About two years ago, I upped sticks from Britain and bought a flat in San Francisco, the pre-eminent centre for biopharmaceuticals research and companies. I did so because I had just read a book by Ray Kurzweil called The Singularity is Near: When Humans Transcend Biology (see below) and its message had led me to open a whole new chapter in my investment career.
Kurzweil's basic idea is that technology is advancing so quickly that within most of our lifetimes "machine" or artificial intelligence will surpass human ability and intelligence. When that point (the so-called singularity) is reached, almost anything will be both imaginable and possible. This "intelligence explosion" is already happening, but most of us are unaware of it the pace of change is too rapid for individuals to grasp.
Some find this all a bit spooky; others note that there is a touch of cultism about some of Kurzweil's pronouncements. But his basic message about technological trends is a powerful one. It is a message that every investor should take note of because it is changing the world.
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In our daily lives, we see technology in the form of laptops, smartphones, iPads and other gadgets of the digital age. The rapid adoption of these products has helped to make Apple the world's most valuable company, as it spews out cash and churns out new varieties of products.
But these gizmos are nothing but the fripperies of our new age of discovery. Far more important are the less tangible ramifications of the change we are living through. These are about the much more fundamental issues of extending human life and maintaining general wellbeing. They also all but guarantee us concurrent industrial and demographic revolutions.
The end of old age
In our new book, Cracking the Code, Al Chalabi and I posit the following: within ten years, almost all cancers will be curable (if not cured), death from heart attacks and strokes will continue to fall rapidly, life expectancy at birth will rise to well over 100, and old age will not necessarily be characterised by a state of "illderliness", but rather one of "wellderliness". Robot aides will be on the way to becoming ubiquitous, fertility rates will fall everywhere, including in Africa, and nano-based technologies will be conquering industrial markets.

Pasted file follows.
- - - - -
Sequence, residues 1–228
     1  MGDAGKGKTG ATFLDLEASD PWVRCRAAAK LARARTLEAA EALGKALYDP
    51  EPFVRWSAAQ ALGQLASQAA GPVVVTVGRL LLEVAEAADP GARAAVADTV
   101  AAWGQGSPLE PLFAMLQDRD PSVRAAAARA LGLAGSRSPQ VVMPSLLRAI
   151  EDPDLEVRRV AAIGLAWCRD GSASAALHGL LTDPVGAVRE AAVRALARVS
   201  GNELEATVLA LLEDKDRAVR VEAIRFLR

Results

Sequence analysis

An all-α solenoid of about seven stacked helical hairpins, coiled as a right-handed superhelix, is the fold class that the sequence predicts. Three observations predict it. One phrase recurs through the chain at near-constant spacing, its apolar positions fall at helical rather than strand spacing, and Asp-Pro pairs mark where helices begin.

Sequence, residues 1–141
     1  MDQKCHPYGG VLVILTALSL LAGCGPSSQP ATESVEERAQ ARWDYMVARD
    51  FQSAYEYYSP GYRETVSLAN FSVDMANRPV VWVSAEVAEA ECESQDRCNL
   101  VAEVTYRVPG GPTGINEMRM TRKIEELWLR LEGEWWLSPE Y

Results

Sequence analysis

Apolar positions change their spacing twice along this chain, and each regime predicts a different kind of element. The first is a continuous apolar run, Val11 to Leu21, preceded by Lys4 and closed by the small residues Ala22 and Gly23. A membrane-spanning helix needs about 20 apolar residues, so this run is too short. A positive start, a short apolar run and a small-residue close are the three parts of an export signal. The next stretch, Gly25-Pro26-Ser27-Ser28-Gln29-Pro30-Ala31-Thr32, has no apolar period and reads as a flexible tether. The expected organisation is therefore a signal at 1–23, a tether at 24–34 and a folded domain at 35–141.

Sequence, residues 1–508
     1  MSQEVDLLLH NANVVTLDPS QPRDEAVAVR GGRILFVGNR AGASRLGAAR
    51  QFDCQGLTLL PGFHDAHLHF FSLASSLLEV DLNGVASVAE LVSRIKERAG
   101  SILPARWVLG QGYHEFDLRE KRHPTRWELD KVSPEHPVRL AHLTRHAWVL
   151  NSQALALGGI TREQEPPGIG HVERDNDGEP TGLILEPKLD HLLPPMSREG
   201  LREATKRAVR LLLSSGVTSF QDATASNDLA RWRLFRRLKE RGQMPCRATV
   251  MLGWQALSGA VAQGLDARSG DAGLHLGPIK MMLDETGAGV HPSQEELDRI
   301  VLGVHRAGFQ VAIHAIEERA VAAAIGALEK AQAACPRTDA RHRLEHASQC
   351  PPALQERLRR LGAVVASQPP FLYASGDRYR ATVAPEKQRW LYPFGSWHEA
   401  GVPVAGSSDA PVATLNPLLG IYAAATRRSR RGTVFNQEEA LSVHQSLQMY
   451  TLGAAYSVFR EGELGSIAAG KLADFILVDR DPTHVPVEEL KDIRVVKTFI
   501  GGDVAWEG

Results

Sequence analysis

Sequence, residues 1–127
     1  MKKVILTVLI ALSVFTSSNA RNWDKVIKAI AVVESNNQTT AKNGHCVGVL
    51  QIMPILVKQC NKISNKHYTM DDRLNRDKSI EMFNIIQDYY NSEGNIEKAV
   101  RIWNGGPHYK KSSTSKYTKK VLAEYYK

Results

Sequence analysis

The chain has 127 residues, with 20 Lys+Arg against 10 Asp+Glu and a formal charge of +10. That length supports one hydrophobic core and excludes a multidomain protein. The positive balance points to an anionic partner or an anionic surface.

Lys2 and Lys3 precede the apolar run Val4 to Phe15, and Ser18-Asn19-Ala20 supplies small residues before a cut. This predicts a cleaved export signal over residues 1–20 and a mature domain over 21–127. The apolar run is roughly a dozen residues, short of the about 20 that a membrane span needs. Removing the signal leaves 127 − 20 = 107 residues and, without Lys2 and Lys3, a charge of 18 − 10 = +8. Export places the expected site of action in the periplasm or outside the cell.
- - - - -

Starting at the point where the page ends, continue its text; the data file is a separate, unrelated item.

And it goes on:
As a result of these advances, new drug and other medical therapies based on what is sometimes known as "Network Biology" will stem the tide of age-related disease. These include Alzheimer's and other neuro-degenerative conditions, as well as arthritis, osteoporosis, and macular degeneration. Diseases such as chronic kidney disease, type 2 diabetes, and hepatitis in its various forms will be curable or controllable.
Obesity, the scourge of the Western world, and now also of many developing nations, will be on its way to being containable. New drugs to reduce appetite or lessen fat accumulation will be approved, without the risks associated with previous regimes. Food content will be mandatorily altered to exclude trans-fats and possibly high-fructose corn syrup, and at long last, a reversal in the increase in calorific intake of Westerners will take place.
Since 1958, the average American has been consuming more than 800 unneeded calories per day, with the inevitable result that one-third of the population is now obese which is the number-one cause of lifestyle diseases leading to death, surpassing even smoking.
As a direct result of this developing armoury of disease prevention and cure, much of our conventional wisdom will be debunked. The growth of human populations will abate; the sad decline that most people experience in their later years will no longer be the norm; and retirement at 65 will be an odd luxury for only the very few.
Computers and biology
Medicine is being revolutionised by the fusion of computing power and biology. Two key events since World War II have made this possible. One was the discovery of the shape and function of DNA by James Watson and Francis Crick in 1953.
The second, 50 years later, was the sequencing of the human genome. As a result of these, the blueprint of cellular existence has now been unveiled. As computers become more powerful, and as the cost of that power falls in line with Moore's Law (which roughly states that computer processing power doubles every two years), the manipulation of genes, proteins, cells and stem cells for the advancement of human health is transforming the outlook for all of us.
The cost of genome sequencing is falling to a level (around $1,000) that is affordable in the developed world. So it will soon be possible to use it in a clinical setting to identify genetic mutations and create personalised treatment regimes particularly in oncology.
Stem cells are on the way to proving clinical efficacy in areas such as cardiovascular disease, and can now be induced from blood or tissue and made to be specific to individuals. Diagnostic companion kits are increasingly used to see which patient is suitable for which treatment. And in the past few years, previously fatal diseases, such as AIDS or Hepatitis C, have become controllable to the point where patients can lead normal lives.